Although O’Neill offhandedly said Wednesday that RCA could be willing to explore a partial sale of the property to the district, Perry clarified that no such offer has been presented.
“It sounded like we’ve been having discussions with him, which we have not,” the superintendent said.
“If Mr. O’Neill ends up not going in there, we’d like to be part of those discussions in terms of how much the school system could receive.
“[But] that’s several steps down the road,” he said.
“We have to take a look at exactly how this facility would impact the school and the community before we would express any interest in coming to a certain parcel.”
‘The win-win for everybody would be for us to get all of it’
From the perspective of the borough government, “the win-win for everybody really would be for us to get all of it,” Kasko said.
“The missing piece is that [O’Neill] has to have an alternative site to go to,” he said. “That’s what people are working on; to see if he can find a site.”
The mayor described talks among the borough, Bancroft, and RCA as “ongoing,” with “no hold-up.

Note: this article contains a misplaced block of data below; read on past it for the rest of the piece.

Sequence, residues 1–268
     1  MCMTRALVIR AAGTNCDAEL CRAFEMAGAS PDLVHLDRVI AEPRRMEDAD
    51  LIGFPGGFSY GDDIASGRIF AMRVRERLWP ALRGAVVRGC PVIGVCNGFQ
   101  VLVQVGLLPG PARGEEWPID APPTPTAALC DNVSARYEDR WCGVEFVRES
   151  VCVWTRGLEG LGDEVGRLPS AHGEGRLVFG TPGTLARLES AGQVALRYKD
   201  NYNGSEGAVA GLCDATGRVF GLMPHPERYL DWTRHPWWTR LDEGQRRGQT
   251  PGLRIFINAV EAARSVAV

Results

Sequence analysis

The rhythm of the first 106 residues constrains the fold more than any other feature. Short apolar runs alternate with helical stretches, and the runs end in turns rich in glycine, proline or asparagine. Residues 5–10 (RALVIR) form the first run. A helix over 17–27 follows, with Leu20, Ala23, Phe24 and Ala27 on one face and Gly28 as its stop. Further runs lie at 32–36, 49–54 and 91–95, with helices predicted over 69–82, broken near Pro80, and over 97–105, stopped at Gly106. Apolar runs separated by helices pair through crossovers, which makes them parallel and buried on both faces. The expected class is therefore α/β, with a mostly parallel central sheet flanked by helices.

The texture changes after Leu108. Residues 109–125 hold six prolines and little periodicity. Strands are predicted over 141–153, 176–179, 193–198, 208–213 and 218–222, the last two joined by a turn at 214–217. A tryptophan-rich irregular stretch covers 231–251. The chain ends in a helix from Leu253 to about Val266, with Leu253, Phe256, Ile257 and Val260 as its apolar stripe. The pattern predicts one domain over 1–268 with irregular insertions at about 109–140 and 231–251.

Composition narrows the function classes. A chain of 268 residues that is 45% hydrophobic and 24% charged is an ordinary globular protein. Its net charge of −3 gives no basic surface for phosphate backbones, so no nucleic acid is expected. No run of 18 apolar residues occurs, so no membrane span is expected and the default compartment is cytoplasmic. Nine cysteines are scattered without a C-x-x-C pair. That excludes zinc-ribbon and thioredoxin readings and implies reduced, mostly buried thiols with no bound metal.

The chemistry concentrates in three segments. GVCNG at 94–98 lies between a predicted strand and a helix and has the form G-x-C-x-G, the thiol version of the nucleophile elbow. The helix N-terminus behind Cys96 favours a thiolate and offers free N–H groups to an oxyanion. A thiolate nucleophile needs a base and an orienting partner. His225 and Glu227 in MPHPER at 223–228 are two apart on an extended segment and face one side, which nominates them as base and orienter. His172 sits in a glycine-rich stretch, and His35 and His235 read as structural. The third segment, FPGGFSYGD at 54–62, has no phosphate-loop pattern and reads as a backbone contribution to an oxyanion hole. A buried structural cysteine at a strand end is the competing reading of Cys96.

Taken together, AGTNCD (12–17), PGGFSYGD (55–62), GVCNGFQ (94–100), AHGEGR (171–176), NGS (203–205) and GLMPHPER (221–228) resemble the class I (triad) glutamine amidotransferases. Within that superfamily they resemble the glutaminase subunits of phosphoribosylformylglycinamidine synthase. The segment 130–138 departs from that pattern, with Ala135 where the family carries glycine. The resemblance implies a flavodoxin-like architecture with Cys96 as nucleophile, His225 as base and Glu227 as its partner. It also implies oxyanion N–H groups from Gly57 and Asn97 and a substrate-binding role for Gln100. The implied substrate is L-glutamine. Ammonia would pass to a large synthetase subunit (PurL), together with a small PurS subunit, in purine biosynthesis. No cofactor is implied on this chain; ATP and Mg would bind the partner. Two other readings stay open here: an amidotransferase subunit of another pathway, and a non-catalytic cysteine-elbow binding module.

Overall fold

“There’s just a lot of back-and-forth,” Kasko said. “I’m still very hopeful that we can work something out.”
When asked whether he foresees any scenario in which O’Neill is able to execute his vision for the property in Haddonfield, Kasko said the idea hadn’t actually occurred to him.
“If I’m going to be honest, I’ve been so fixated on trying to see if we can work out something else that I really haven’t given it much thought,” the mayor said.
“I’ve been trying to get a way for [O’Neill] to site his facility, a way for Bancroft to move, and a way for us, the residents, to get the property and have some control.”
If a deal cannot be brokered, neither side is optimistic that a long and potentially expensive legal battle isn’t what lies ahead.
“There’s no question about that,” Moscatelli said.
“My guess would be that no matter how the zoning board rules, it’s going to end up in court; no matter if it’s approved or denied, somebody’s going to appeal that.”
Despite the confidence with which O’Neill has asserted his position, Moscatelli said attorneys for the government believe they’re not dealing with “an open-and-shut case.
“The legal advice that we’re getting is not that ‘you have no case,’” he said, “but we’re not hearing that ‘you’re absolutely going to win.’”
On that point, both the borough and the developer see eye-to-eye.